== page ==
Lemon and poppy seed birthday cake

Lemon and poppy seed birthday cake

B.I.Y. Bake It Yourself

So, it’s your mate’s birthday and they’re coming round in a couple of hours. They casually mention that no one got them a birthday cake this year. Sounds like a massive hint to me, considering they know you’ve just bought this awesome book. This is an emergency birthday cake that is straightforward to make and tastes brilliant. Lemon and poppy seed has long been a favourite of mine, whether it’s in birthday cake form, or as a massive tray bake that the kids can go mad decorating. The ingredients are simple and it requires no ridiculous equipment to make. So when you’re in a bind, or if you just fancy a really nice cake, make this. It’s yum.


Quantity Ingredient

For the sponge

Quantity Ingredient
225g unsalted butter, softened, plus more for the tins
225g caster sugar
4 large eggs
225g plain flour
2 teaspoons baking powder
3 unwaxed lemons, zest finely grated, reserving a few slivers for decoration
1 unwaxed lemon, juiced
50g poppy seeds

For the icing

Quantity Ingredient
50g unsalted butter, softened
100g cream cheese
400g icing sugar
2 tablespoons lemon juice

Tool kit

Quantity Ingredient
2 20 cm round sandwich tins
electric whisk
wire cooling rack
cake-cutting wire, (optional)
offset palette knife


  1. Preheat the oven to 180°C. Butter 2 x 20 cm round sandwich tins and line the bases with baking parchment.
  2. In a large bowl, beat together the sugar and butter with an electric whisk until light-coloured and creamy. Beat in the eggs one by one, beating thoroughly between each addition. If the mixture starts to split, just add 1 tablespoon of the flour and continue beating; this will bring the mixture back.
  3. Sift together the flour and baking powder and fold into the mixture with the finely grated lemon zest and poppy seeds, making sure to mix in any flour at the bottom of the bowl. Be gentle when you’re folding; you don’t want to knock out the air you’ve incorporated through all that whisking. Fold in the lemon juice and divide the batter evenly between the prepared tins, smoothing the surfaces. Bake for 18–20 minutes, or until a cocktail stick comes out clean when poked into the centre of each cake. When the tins have cooled enough to handle, turn out the sponges and cool on a wire rack.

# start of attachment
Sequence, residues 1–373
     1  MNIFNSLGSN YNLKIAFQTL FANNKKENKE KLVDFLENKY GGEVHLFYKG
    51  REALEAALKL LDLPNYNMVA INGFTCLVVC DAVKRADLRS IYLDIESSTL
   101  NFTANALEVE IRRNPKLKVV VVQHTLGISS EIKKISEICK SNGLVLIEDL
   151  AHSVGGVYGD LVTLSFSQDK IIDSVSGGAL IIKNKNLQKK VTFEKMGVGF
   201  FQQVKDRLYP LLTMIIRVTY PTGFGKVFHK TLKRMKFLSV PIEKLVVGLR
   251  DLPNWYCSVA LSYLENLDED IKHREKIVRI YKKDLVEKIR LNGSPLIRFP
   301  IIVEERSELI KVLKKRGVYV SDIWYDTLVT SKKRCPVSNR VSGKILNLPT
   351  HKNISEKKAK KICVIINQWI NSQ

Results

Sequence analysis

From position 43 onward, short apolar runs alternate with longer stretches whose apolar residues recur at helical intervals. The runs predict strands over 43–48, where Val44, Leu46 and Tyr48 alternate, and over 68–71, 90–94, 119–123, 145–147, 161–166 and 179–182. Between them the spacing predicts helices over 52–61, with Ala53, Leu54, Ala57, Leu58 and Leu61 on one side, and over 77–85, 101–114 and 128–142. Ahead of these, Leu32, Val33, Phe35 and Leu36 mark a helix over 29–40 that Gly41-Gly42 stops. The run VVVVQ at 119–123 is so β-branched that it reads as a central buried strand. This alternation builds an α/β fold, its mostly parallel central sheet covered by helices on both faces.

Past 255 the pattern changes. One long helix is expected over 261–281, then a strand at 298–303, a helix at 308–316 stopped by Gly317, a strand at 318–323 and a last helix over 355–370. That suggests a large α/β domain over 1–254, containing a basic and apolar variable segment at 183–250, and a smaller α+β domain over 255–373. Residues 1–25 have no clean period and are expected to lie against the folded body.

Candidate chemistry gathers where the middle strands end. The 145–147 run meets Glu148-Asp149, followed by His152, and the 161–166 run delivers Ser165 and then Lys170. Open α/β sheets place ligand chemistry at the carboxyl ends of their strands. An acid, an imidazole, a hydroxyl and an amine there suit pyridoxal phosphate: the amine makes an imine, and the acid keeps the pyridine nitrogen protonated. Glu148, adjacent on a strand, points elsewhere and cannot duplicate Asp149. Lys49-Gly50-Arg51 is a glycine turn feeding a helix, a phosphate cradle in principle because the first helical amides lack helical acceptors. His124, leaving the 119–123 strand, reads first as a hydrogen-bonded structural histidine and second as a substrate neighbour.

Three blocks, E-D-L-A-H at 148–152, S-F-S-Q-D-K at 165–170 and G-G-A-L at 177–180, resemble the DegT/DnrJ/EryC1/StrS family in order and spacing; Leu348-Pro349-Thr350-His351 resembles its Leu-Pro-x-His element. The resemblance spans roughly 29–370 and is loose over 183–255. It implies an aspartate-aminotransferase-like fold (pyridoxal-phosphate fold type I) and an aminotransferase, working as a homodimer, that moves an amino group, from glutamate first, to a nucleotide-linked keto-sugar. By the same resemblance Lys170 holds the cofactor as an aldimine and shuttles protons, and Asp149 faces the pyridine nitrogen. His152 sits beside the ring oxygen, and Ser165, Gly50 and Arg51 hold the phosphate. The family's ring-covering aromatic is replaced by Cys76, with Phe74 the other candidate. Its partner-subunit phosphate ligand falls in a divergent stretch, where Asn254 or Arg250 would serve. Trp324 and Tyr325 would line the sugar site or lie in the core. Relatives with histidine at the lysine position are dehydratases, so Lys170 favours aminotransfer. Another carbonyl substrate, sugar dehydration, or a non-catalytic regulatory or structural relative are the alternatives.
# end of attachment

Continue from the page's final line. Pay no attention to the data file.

4. Meanwhile, prepare the icing. Beat together the butter and cream cheese in a large bowl with the electric whisk until creamy and fully combined. Beat in half the icing sugar (start your whisk on slow, or you’ll get icing sugar all over the kitchen). Beat in the lemon juice, then gradually beat in the rest of the icing sugar, a couple of spoonfuls at a time, until it’s a thick-but-spreadable consistency.
  5. Once the sponges have cooled, use a cake-cutting wire or a serrated knife to slice off the raised middles of the cakes (I usually spread a bit of the icing on these as a secret personal preview). Spread about half the icing on the bottom layer of sponge using an offset palette knife. Try to spread it evenly and right up to the edges, so you can see a neat line of icing once the top goes on. Turn the top layer of sponge upside down and lay on top of the icing, pressing down gently and scraping off any excess icing that squidges out.
  6. Using the offset palette knife, neatly spread the remaining icing on top and decorate with the remaining slivers of zest. Invite your friend in and pretend it was no big deal. Which, of course, is true.


  • This recipe has a level 1 (beginner) difficulty.


  • This recipe works really well as an everyday cake, as you can knock it out quickly, but you can scale it up quite easily, too. If you don’t have 20 cm sandwich tins, you can just as easily make it in 23 cm cake tins, using 6 eggs, 350 g each of caster sugar, butter and flour, 3 teaspoons of baking powder, 4 lemons and 75 g poppy seeds. Bake for 25–30 minutes and test as usual.

    I really like making this recipe as a tray bake with the kids, as I can leave them to drizzle it with lemon icing, then sprinkle half my decorating bits and pieces over the top. (Kids often favour quantity over beauty when it comes to decoration, so only put out as many decorations as you’re willing to lose!)

    Plain lemon glacé icing is much easier to make than this cream cheese version, just mix 1–2 tablespoons of lemon juice with 150 g of icing sugar and drizzle it on the cake.

    If you’re looking to add another element to this cake, why not stir 100 g of blueberries through the mixture, instead of the poppy seeds? Make sure you wash the berries and roll them in a dusting of flour before adding to the batter, though, or they’ll all sink to the bottom.
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